“He really pushed this idea that the medium of sculpture was space, as opposed to clay or wood,” recalls the sculptor Frank Benson, who studied with Ray and later worked in his studio.
In 1990, Ray acquired a department-store mannequin and affixed it with a new head, whose soft features and oversized glasses made him look just like the artist. This “Self-Portrait” reoriented Ray’s career — beginning a decades-long quest to reinscribe the figure into sculpture without rejecting the inheritance of modern art. Next came “Male Mannequin,” a stripped-off dummy whose genitals Ray modeled on his own. There was “Oh! Charley, Charley, Charley…” (1992), an onanistic orgy of eight Ray mannequins on view at the Bourse de Commerce, and later “Family Romance” (1993), now at the Met: a family of four, holding hands, all nude, the parents too short and the children too tall, to create the creepiest of nuclear households.
Especially in the context of Kelley, McCarthy and his other U.C.L.A. faculty-mates, the mannequins were read as uncanny totems of consumer society, abject, even depraved. Which left Ray dismayed. “My struggle — struggle might be the wrong word; my development — was trying to move through subject matter into sculpture,” he says now. “With ‘Oh! Charley, Charley, Charley…,” I was thinking death, like ‘Burghers of Calais.’”
He wanted to make sculpture that was figurative without being pictorial, that drew on tradition but didn’t come into the gallery on “a Freudian surfboard,” to use Ray’s high-L.A. term. That meant giving up the mannequins, and entering into a deep, slow engagement with the relationship between a work’s individual parts and sculptural whole. “Tractor” (2005) at the Met, is a prime example: an aluminum copy of a past-its-use-date farm machine, every tread and tube and gasket sculpted by hand.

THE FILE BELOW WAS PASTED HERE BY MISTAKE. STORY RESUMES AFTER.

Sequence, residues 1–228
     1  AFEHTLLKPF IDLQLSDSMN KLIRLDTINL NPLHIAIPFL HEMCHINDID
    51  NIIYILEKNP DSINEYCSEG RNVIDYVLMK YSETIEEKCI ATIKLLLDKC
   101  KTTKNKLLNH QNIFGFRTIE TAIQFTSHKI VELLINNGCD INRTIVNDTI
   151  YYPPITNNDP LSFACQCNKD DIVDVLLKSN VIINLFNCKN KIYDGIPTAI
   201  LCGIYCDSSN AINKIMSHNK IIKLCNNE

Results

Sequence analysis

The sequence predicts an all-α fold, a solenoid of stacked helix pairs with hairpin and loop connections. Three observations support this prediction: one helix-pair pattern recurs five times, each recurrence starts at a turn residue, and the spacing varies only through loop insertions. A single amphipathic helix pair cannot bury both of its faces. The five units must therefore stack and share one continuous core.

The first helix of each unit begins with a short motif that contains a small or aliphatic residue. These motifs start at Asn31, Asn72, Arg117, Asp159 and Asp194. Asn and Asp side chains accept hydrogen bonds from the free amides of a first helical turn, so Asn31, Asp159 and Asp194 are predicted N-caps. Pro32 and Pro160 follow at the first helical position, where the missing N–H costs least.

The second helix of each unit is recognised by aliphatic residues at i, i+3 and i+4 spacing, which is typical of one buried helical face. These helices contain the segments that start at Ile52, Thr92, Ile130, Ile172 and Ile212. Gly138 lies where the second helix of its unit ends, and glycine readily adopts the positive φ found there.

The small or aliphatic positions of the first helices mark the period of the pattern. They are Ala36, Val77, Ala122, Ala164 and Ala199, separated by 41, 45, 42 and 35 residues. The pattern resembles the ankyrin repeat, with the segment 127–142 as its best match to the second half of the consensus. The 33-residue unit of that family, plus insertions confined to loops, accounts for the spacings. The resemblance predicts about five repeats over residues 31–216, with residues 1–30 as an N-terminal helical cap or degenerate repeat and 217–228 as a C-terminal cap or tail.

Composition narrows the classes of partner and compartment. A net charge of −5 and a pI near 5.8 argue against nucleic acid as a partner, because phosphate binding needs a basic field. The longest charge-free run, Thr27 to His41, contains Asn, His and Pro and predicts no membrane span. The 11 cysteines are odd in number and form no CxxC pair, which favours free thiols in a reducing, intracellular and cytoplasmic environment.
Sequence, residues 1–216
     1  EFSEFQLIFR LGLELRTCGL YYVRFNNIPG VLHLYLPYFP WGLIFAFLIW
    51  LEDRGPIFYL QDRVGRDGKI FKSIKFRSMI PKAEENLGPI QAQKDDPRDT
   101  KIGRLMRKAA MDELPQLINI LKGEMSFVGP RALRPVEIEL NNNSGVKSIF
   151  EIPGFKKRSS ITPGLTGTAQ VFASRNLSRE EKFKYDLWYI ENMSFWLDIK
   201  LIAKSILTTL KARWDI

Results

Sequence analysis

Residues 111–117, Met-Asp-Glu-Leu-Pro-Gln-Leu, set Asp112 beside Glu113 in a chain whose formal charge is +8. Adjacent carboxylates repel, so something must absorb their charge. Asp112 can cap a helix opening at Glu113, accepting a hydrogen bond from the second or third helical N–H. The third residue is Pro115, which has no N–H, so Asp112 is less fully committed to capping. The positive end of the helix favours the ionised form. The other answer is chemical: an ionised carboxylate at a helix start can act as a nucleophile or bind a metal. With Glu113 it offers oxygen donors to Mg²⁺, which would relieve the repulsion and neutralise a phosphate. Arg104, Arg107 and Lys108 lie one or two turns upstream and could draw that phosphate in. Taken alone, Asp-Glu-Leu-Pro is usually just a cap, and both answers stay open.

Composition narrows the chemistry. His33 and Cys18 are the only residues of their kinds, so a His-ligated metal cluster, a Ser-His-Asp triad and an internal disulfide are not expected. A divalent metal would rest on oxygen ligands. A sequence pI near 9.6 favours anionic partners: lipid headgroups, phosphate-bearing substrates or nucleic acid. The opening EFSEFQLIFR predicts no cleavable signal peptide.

“Some people saw it and thought, ‘Oh, you painted a tractor silver,’” says Benson, one of Ray’s studio assistants for “Tractor.” “But I feel Charley was very excited that the interior of the tractor had also been sculpted. No one would ever see that work that was inside the transmission. But he and anyone who knew about the work would know it was complete.”
His fastidiousness has never calcified into a streamlined process. Ray’s studios — one in Santa Monica, two in the San Fernando Valley — are very far away from Damien Hirst’s factory floor. They’re more like laboratories, where a given motif can pass through countless editions of clay, foam, plaster and fiberglass; get photographed or scanned, then edited with computer software; and then be sculpted again.